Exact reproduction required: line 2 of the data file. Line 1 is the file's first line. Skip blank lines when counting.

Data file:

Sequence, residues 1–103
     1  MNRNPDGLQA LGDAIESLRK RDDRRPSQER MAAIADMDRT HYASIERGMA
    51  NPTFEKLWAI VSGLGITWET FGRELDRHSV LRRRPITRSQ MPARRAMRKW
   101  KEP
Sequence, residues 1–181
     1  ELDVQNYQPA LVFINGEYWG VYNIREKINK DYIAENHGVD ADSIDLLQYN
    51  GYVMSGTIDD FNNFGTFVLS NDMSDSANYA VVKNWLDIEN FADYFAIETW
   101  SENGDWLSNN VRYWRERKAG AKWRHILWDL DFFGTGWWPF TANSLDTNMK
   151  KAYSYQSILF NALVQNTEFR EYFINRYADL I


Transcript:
     1  MNRNPDGLQA LGDAIESLRK RDDRRPSQER MAAIADMDRT HYASIERGMA